When I started to develop an interest in research, I became aware of a strange gap. Where was the research showing that tech led to better learning? Why did there not seem to be much? After all, lots of people were buying and using edtech products. It would not be hard to run a randomised trial or two. We could soon sort out the relative benefits of using different tech in lessons but this evidence just didn’t seem to be there. Why not?

Astonishingly, the evidence that did exist seemed to hint at potential negative effects. I make the point that it was only a hint. We can’t be too conclusive when looking at correlations. For instance, Australia’s heavy investment in computers seems to be associated with worse outcomes but it is hard to strip out the different factors involved or to isolate a cause. It could be the case that increased computer use causes lower outcomes or it could be the case that lower levels of literacy and numeracy cause greater investment in computers. Perhaps there is no direct cause-and-effect relationship and other factors are at play. It is suggestive, but not the kind of evidence you might get from a randomised controlled trial (RCT).

Which makes a recent randomised controlled trial all the more interesting: 726 students at West Point military academy were randomly assigned an economics class. Half of the classes allowed the use of laptops and other devices and half banned them. Banning laptops was associated with a small, statistically significant improvement in performance. I take the point that it was small, that these are students at a military academy who are very different to children in schools and that economics is not as central to the school curriculum as English and maths. If you want to disregard this evidence then perhaps you can but, if so, I ask you this:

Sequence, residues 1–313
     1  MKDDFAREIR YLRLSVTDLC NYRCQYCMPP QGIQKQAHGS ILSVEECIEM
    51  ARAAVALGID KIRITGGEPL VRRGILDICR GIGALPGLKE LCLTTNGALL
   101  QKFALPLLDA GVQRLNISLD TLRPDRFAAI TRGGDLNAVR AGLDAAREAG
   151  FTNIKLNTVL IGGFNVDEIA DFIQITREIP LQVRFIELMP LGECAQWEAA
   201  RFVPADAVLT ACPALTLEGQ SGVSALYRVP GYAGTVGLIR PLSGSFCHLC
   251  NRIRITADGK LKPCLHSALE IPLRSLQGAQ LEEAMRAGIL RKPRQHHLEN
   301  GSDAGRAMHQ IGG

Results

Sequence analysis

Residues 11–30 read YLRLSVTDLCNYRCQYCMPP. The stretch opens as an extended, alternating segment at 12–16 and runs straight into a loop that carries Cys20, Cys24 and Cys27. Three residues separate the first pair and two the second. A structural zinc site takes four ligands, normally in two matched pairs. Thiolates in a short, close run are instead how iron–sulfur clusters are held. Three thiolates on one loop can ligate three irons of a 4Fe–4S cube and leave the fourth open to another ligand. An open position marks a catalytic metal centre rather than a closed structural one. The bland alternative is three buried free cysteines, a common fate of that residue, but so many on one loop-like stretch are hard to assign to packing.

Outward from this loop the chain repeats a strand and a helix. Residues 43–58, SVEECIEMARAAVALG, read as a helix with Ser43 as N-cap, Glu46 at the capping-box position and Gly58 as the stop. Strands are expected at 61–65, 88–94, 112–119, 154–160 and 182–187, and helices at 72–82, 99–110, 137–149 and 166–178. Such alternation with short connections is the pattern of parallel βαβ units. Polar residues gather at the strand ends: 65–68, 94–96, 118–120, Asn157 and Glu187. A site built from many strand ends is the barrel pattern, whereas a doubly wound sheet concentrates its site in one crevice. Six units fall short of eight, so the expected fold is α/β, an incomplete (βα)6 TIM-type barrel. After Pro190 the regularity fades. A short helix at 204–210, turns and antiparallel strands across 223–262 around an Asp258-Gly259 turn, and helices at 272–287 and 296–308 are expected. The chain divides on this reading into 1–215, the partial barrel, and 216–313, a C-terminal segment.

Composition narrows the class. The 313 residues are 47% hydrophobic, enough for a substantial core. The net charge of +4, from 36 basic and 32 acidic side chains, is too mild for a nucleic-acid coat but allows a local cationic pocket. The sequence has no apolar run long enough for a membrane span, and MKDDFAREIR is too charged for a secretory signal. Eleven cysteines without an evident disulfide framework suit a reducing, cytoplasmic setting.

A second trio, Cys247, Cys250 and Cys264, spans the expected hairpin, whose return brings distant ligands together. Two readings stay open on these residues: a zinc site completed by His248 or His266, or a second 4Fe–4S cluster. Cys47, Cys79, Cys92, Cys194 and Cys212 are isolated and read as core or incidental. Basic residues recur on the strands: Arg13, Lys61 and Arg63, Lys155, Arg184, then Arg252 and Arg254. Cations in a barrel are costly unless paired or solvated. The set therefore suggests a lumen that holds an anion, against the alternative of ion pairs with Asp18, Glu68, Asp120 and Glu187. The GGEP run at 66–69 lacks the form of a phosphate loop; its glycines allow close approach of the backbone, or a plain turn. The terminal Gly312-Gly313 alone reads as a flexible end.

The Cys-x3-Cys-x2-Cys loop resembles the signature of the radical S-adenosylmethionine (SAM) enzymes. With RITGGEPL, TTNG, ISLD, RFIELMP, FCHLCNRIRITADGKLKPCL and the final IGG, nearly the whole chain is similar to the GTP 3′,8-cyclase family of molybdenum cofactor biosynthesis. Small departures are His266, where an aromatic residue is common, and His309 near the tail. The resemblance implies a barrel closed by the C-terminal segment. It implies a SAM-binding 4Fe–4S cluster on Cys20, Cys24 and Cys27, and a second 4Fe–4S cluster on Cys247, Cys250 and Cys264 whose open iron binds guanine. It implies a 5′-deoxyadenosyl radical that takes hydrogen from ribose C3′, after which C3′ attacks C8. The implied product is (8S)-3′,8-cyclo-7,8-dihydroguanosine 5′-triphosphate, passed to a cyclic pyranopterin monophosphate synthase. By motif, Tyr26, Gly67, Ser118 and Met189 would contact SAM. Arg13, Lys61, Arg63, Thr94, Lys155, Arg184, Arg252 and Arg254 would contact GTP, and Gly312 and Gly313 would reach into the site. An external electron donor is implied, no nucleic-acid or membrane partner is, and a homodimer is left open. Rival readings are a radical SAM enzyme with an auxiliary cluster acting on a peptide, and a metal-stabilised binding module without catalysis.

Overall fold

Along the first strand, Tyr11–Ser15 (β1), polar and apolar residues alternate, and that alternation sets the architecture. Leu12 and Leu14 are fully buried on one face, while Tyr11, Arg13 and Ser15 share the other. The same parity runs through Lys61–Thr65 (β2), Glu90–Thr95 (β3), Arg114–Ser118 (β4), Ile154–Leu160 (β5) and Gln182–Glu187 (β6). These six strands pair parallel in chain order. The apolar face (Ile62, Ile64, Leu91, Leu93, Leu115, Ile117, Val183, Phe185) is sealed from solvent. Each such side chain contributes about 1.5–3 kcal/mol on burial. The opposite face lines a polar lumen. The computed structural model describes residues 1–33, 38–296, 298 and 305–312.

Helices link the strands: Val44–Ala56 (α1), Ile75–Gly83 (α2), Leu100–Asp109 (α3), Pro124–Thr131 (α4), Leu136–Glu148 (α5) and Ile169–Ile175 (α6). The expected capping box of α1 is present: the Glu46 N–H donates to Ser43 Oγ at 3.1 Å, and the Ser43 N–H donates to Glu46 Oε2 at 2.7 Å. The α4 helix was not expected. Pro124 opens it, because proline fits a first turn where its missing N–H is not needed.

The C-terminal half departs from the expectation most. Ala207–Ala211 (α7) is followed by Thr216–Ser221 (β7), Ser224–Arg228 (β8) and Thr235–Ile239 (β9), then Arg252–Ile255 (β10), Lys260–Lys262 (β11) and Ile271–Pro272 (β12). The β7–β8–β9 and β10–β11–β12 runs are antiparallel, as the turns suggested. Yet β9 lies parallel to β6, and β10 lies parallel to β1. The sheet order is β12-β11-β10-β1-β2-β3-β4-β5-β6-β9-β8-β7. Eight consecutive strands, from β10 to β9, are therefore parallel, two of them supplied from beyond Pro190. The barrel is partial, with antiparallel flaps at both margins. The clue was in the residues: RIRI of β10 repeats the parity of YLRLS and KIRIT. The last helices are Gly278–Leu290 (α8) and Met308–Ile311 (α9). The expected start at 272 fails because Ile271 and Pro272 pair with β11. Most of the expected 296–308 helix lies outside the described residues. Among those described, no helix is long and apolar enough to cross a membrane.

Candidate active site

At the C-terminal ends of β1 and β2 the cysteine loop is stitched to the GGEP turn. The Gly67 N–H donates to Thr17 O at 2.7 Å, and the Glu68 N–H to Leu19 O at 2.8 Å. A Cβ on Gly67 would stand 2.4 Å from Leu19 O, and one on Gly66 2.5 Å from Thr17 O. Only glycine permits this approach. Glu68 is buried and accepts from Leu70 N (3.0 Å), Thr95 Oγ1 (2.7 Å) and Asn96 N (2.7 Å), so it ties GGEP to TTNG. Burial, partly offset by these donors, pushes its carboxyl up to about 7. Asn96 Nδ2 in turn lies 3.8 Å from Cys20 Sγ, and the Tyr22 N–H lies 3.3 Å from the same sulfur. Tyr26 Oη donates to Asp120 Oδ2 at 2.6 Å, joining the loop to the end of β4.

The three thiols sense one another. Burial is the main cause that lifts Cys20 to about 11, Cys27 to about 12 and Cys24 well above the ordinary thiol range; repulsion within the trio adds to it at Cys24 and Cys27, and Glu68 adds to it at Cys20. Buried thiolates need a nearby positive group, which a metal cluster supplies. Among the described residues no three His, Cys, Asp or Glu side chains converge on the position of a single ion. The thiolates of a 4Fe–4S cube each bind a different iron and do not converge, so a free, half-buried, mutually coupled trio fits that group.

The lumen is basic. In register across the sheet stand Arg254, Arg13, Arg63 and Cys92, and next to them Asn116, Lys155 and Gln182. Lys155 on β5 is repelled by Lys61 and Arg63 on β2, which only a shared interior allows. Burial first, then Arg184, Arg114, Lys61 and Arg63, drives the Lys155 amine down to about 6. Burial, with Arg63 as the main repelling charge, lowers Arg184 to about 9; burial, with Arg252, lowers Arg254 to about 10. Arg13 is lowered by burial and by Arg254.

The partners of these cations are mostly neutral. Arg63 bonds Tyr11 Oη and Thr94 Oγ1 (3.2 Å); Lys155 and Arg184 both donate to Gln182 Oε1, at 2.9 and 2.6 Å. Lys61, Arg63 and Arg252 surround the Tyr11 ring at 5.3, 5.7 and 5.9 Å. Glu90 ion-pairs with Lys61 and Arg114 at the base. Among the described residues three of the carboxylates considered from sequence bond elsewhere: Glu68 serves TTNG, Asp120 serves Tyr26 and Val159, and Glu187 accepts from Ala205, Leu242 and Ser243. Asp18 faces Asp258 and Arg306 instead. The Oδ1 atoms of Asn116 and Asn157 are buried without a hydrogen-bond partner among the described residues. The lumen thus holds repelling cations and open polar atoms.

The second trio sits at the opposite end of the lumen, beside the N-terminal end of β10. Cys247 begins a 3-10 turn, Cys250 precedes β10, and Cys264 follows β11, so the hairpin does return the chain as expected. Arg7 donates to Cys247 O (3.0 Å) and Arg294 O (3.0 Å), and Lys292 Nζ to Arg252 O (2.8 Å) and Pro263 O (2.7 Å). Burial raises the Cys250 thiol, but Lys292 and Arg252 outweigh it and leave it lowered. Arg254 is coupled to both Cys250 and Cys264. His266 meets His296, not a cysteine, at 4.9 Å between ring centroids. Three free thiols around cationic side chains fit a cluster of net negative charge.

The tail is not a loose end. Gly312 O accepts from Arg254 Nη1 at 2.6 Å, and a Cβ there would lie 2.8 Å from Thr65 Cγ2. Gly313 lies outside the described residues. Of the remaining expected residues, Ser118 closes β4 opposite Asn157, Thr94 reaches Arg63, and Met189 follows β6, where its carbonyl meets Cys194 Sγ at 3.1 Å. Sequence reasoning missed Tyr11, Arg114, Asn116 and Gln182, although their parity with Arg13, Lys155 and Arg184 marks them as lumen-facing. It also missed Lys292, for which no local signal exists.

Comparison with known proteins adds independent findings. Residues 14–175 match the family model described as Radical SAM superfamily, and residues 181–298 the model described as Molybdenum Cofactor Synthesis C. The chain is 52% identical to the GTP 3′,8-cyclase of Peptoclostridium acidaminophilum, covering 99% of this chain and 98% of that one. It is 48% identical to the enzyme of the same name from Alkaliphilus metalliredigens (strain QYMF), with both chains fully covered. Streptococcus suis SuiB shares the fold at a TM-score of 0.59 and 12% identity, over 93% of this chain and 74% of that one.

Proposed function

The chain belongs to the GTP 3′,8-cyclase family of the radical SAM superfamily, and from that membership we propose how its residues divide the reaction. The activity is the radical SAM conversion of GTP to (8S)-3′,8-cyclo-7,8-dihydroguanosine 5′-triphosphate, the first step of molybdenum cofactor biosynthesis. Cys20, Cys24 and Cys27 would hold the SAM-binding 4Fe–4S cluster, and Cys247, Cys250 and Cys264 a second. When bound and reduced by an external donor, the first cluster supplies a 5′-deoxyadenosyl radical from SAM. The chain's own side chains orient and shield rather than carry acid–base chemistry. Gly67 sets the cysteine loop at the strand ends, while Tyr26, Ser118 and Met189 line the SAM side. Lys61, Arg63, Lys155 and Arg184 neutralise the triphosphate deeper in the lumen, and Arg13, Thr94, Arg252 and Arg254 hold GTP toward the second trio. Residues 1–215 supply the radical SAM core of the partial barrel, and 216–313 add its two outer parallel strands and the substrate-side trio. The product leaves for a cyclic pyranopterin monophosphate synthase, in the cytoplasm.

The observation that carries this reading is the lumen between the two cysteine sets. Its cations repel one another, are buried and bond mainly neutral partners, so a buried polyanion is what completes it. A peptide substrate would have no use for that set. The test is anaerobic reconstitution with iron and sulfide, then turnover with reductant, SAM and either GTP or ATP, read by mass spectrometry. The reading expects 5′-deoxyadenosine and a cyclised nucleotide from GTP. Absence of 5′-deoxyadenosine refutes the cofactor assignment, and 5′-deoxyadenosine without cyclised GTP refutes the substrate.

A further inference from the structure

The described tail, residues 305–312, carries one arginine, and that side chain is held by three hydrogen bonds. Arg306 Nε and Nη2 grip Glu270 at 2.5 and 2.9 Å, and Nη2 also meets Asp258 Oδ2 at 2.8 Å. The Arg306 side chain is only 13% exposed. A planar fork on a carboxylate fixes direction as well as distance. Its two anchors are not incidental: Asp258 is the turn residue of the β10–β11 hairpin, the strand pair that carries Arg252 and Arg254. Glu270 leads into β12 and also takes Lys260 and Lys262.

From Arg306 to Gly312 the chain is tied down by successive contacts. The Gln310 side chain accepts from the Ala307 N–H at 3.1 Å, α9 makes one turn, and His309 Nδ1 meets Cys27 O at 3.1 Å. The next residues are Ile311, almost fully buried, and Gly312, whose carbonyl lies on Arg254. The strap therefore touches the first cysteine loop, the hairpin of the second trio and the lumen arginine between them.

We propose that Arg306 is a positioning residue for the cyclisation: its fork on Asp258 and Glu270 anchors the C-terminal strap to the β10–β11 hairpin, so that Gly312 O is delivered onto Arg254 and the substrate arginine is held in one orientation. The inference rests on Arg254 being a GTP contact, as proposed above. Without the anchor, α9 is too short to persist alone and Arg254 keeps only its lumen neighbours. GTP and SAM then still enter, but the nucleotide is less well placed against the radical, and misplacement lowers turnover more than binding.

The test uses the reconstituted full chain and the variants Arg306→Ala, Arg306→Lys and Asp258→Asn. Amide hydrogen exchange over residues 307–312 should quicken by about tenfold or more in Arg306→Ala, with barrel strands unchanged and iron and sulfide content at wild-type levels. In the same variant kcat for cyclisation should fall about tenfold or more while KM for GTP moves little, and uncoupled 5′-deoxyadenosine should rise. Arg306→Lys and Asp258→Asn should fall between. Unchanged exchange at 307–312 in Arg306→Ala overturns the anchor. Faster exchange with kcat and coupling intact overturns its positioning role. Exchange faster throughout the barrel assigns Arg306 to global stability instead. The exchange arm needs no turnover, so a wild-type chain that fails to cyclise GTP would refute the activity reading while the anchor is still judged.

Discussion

Why are we all so convinced that laptops and iPads are great?

Should we not perhaps pause before prescribing more computers for schools?

Should we not at least question whether computers are necessarily a good thing?

If the evidence I have presented does not trouble you then what evidence are you being guided by?

By Becky Stern from Brooklyn, USA (T400 Temperature Datalogger) [CC BY-SA 2.0 (], via Wikimedia Commons

By Becky Stern from Brooklyn, USA (T400 Temperature Datalogger) [CC BY-SA 2.0 (, via Wikimedia Commons


16 Comments on “Laptops etc”

  1. fattenthepig says:

    Aside from the logistical cost to learning you describe – time wasted with technical issues – I’ve never worked in a school where you don’t have a good number of kids misusing the tech to some extent, even if it’s just checking their school emails when they logon. So any demonstrable benefit needs to outweigh those costs.

    I thought there had been something showing that ipads were bad for younger kids? Can’t be sure where I heard it from. It’s certainly not the case that they need to learn to use them from a young age, since they’re designed to be usable by anyone – it’s the tech of choice for mothers of most people my age. One would also suspect that ipads don’t foster sustained concentration in the way that reading a book would.